Steuer has also noticed in recent years, including in this class, the emergence of social enterprise as a model for nonprofits. In this year’s class of fellows, Prodigy Ventures and BuCu West both operate subsidiary businesses as part of their mission.
Gary Steuer (right), Bonfils-Stanton Foundation CEO and president, with Celebration of Leadership keynote speaker and president of The Heinz Endowments, Grant Oliphant (left) at this year's Celebration of Leadership event.
The Livingston Fellowship Program
What differentiates this leadership program from others in the state is two things: its focus on nonprofits and the program is entirely customized. According to Steuer, most leadership programs are curriculum based or they focus on mid-career of early-career leaders, whereas the Livingston program focuses on individuals who are already established leaders.
Once selected, the fellows undergo a process of self-assessment, which is usually done in coordination with the fellow’s board and staff, to identify the things they need to work on as a leader. With this information, the fellows create strategic plans for themselves for the next three years.
These plans are incredibly diverse and what the fellow’s decide to do in the program really differs on what they are trying to achieve. These can be traditional leadership development actions or unique actions suited to their needs or the needs of their organization. Steuer says that sometimes this includes actions to make sure the fellow is striking a healthy work-life balance.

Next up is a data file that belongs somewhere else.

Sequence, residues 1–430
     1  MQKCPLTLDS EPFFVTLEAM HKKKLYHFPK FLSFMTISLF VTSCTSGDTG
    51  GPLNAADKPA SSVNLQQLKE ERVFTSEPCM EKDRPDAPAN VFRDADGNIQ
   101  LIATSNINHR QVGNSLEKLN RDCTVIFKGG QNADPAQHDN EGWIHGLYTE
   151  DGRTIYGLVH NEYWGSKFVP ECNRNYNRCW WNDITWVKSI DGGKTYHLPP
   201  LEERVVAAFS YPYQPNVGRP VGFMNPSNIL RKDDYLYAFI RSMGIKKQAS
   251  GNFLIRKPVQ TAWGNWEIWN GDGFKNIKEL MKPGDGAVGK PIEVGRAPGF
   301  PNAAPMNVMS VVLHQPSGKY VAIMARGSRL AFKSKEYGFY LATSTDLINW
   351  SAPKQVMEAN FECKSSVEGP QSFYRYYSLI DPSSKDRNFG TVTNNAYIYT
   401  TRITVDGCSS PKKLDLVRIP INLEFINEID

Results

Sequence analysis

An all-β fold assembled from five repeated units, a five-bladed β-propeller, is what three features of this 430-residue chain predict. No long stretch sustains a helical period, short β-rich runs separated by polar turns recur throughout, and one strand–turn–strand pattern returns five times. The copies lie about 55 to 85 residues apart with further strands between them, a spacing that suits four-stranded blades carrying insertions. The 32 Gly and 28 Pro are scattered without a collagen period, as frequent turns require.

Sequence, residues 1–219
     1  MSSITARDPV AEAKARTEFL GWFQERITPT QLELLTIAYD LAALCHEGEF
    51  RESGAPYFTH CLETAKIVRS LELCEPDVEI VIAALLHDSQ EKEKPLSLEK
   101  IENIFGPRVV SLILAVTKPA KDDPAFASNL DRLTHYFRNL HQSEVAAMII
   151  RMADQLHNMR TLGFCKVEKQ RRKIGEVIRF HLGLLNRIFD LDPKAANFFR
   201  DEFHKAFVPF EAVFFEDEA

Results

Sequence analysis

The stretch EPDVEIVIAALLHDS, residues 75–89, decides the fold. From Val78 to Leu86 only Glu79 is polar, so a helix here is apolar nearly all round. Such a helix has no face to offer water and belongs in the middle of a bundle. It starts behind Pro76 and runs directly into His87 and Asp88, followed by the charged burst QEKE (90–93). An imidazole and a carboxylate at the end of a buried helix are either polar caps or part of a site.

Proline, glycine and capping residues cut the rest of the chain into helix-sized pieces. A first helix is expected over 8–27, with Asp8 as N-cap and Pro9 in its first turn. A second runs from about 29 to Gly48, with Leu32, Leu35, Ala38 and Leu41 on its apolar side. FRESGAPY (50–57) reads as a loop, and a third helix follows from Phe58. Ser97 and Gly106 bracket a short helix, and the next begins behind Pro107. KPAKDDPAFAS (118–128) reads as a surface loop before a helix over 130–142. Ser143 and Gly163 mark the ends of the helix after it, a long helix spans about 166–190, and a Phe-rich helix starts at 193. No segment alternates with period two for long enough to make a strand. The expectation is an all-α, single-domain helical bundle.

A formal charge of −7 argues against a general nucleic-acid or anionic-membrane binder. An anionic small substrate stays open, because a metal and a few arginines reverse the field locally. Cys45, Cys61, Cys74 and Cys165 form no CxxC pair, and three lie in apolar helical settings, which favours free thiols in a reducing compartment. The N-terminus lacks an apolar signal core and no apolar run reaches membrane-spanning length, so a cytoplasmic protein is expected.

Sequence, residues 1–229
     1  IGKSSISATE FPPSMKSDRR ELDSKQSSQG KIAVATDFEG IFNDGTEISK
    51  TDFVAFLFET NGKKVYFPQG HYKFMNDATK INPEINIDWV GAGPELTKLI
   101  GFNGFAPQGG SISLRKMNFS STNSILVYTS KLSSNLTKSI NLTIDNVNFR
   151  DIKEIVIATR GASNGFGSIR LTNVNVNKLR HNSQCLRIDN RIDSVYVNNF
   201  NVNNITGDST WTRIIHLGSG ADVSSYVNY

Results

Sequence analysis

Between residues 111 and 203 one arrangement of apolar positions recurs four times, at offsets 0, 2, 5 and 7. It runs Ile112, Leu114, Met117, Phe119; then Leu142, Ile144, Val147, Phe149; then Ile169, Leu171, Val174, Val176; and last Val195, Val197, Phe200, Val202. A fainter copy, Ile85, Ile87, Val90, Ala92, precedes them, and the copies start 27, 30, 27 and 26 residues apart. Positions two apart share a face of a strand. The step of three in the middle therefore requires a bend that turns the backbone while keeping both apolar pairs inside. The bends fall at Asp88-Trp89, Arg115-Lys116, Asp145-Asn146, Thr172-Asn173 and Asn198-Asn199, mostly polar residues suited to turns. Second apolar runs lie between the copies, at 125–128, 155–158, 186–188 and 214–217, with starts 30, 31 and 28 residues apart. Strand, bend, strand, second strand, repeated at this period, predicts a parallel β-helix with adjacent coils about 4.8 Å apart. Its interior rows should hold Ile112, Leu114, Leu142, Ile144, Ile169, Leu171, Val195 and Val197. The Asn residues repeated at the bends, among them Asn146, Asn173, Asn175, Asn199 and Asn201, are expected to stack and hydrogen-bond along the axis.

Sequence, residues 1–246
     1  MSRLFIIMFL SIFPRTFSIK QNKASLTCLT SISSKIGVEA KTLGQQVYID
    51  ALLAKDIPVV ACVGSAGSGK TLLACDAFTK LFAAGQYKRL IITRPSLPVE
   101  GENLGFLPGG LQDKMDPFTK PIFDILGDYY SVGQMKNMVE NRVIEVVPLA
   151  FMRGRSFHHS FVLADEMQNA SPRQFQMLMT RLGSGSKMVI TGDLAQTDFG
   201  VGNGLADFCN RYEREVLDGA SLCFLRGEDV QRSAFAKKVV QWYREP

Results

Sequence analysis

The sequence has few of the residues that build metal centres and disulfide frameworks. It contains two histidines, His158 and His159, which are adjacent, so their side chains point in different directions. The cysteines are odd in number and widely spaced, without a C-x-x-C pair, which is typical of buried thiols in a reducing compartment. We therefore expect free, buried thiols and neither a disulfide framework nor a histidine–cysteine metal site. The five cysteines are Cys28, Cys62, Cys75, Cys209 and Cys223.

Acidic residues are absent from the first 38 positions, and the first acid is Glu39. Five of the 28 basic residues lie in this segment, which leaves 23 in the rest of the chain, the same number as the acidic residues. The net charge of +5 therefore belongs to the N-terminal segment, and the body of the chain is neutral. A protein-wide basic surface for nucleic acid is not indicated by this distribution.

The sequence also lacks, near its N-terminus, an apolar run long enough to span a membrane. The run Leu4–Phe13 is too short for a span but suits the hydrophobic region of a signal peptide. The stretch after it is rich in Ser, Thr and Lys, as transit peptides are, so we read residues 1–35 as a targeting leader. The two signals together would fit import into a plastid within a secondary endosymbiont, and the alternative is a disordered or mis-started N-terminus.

Past fellow have searched outside of traditional leadership training to inspire unique changes in their organizations. For example, Mike Yankovich, the CEO and president of the Children’s Museum of Denver, wanted to develop a deeper understanding of play. So, with the grant money, he transformed a minivan into a giant toaster and drove it through the west to meet and learn from other communities and organizations about the notion of play. In turn, this experience inspired the museum’s rebuild and led to the development of a program at the Museum where they consult with other institutions on exhibition design and interactive experiences for kids.
Rob Smith, executive director of Rocky Mountain Microfinance, decided he was too immersed in his work and didn’t have enough time to think. So, Smith planned a cross-country bike trip for three months, where he visited other micro-enterprise and microfinance organizations. When he returned, according to Steuer, he was recharged and had a wealth of ideas on how to improve the organization.
Throughout the course of the program, the fellows have a large network to help them achieve their goals. This includes their immediate class of fellows, who regularly meet during the program, the greater cohort of fellows, which is now 75 fellows (only five of which have left Colorado), and a number of community leaders involved in the foundation.
“I think one of the things that the program has done is fostered, among all the fellows, this kind of esprit de corps and this peer network, so they know they can rely on each other,” Steuer says. “It also has created this intersectional connectivity. They have this very, very broad network, that’s in lots of different aspects of the nonprofit sector.”